May Protest Update: Metro Refused Some Mutual Aid Requests, Most Bus Damage Was Minimal
Some new details are emerging about Metro’s shuttling of protesters and damages done to Metro buses during May/June Black Lives Matter protests.
On Monday, May 25, Minneapolis police officers killed George Floyd. Video of Floyd gasping for breath and calling out for his mother while officers knelt on his neck and back quickly went viral, catalyzing protests worldwide, including throughout southern California. In Los Angeles that week, the bulk of the protesting took place downtown. Then, on Saturday, May 30, protesters peacefully convened in Pan Pacific Park in L.A. City’s Fairfax neighborhood. When they took to Beverly Boulevard, however, they were soon met with a large police presence. As the standoff dragged on and stores in the surrounding area began to see some looting, Mayor Eric Garcetti declared a curfew for 8 p.m. that night, allowing LAPD to detain hundreds of protesters, the vast majority of whom were later released without charges.
The next day, Metro apologized to stranded riders. The agency issued a further explanation of its actions in a June 1 post on The Source titled, Metro explains decision to suspend service Saturday night and law enforcement’s use of our buses. Per the post:
We’d like to explain our decision to suspend service Saturday and another issue that has been rightly questioned: the use of Metro buses by the LAPD to transport those who had been arrested.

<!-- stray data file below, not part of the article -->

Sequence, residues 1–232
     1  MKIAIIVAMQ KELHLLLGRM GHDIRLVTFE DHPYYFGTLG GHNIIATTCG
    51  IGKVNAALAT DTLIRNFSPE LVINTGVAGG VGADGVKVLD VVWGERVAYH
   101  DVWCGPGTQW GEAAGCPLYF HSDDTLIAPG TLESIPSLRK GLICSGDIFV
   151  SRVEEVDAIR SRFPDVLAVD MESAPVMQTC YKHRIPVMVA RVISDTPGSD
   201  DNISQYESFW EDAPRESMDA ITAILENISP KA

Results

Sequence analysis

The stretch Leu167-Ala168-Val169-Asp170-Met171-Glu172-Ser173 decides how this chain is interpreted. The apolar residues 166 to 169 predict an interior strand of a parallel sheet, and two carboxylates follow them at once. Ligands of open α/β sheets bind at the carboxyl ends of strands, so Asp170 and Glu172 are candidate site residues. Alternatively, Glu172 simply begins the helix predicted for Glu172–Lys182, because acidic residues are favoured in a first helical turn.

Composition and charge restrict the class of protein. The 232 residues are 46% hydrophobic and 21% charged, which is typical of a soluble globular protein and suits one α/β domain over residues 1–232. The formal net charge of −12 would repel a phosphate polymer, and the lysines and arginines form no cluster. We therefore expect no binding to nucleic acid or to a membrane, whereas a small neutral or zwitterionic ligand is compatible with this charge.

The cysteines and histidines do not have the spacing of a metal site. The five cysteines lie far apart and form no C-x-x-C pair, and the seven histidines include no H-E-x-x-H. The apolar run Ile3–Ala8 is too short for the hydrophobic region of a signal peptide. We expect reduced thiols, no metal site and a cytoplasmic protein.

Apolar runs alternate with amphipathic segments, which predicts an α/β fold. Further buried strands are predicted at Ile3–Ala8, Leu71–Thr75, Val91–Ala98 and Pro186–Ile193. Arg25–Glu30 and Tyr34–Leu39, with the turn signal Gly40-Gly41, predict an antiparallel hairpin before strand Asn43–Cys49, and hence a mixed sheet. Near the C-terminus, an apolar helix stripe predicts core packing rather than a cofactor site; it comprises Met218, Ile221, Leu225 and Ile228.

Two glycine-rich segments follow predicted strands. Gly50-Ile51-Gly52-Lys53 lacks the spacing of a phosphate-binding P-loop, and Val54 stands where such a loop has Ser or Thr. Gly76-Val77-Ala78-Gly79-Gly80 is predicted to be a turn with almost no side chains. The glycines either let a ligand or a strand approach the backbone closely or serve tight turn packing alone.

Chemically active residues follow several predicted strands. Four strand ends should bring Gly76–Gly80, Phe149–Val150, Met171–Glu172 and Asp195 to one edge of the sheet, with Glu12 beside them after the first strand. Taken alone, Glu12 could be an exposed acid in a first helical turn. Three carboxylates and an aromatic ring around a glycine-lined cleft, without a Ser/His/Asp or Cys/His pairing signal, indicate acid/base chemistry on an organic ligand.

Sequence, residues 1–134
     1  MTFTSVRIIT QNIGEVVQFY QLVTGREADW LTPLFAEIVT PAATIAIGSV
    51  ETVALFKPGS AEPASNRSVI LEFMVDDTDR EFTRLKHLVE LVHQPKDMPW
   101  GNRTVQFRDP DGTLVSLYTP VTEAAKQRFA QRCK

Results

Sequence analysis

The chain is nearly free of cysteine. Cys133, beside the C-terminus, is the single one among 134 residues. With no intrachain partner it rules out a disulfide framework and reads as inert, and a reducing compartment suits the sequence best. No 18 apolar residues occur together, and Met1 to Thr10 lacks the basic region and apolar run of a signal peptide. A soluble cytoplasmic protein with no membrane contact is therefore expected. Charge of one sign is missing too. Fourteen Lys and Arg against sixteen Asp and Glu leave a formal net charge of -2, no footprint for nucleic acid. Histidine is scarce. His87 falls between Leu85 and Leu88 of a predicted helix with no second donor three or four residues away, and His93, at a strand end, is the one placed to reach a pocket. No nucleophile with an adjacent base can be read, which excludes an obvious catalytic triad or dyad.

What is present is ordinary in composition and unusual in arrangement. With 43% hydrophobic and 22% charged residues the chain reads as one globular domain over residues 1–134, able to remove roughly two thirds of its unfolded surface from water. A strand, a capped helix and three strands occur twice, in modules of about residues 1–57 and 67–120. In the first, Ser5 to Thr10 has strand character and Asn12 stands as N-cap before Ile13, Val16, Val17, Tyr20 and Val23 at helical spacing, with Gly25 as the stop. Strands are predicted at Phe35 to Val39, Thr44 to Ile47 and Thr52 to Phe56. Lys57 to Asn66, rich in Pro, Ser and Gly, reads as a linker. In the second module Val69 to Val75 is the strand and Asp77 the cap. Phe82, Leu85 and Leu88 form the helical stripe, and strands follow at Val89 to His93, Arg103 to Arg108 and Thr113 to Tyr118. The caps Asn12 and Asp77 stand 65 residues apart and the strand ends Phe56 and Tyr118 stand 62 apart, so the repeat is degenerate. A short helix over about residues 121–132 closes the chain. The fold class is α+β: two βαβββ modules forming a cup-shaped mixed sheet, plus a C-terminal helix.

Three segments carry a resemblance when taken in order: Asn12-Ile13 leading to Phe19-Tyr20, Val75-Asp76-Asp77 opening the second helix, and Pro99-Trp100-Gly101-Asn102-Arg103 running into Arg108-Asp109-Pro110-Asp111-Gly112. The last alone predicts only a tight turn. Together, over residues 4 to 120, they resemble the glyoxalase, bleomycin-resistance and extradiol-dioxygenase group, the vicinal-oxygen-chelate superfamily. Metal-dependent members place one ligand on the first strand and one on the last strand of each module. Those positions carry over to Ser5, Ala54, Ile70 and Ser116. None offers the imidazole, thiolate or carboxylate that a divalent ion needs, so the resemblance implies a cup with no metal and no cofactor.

Both of these situations were criticized by riders and questioned by the media.
On Saturday afternoon, a Metro bus was trapped in the Fairfax District among protest crowds, threatening the safety of our operator. The bus was vandalized extensively. We’ve had about 62 buses damaged, including many in downtown Los Angeles on Friday night. That, of course, impacts our ability to provide transit service to our customers.
…service suspension occurred at the same time local law enforcement requested our agency to provide eight Metro buses to transport detainees that night. Metro is required by law to provide mutual aid in times of emergencies.
We recognize the incongruent and unfortunate optics of this situation — taking transit services away from riders while providing our equipment for other purposes. We were asked to provide six buses tonight and we did so. We have asked authorities to exhaust their resources first before requesting our vehicles.
It is not Metro’s choice to provide these buses. And to be clear about Saturday night: Metro’s decision to suspend service was based solely on public safety and had nothing to do with law enforcement’s request to utilize Metro buses to transport detainees.
Metro’s actions were indeed criticized by riders and the media, as well as by advocacy organizations and local leaders. A joint statement from The Alliance for Community Transit, Investing in Place, and Los Angeles Walks called Metro’s decision to suspend service and transport protesters “unacceptable” and “outrageous.” L.A. City Councilmember and Metro Boardmember Mike Bonin called the suspension “unconscionable.”
Some new details are now emerging about what Metro did and didn’t do. Metro didn’t necessarily lie about its actions, but – as with various companies, agencies and individuals – its initial statement tried to cast the agency’s actions in a somewhat better light than they actually deserve.
Records of @metrolosangeles' cooperation with LAPD. Looks like 23 buses were diverted to support crackdowns on protests (over 1% of the Metro-owned bus fleet in peak operation!). Metro loaned 4 buses even after this was posted: https://t.co/ewcEEfnLYL pic.twitter.com/6erzhYo9zh
— Jacob Wasserman (@JacobLWasserman) August 5, 2020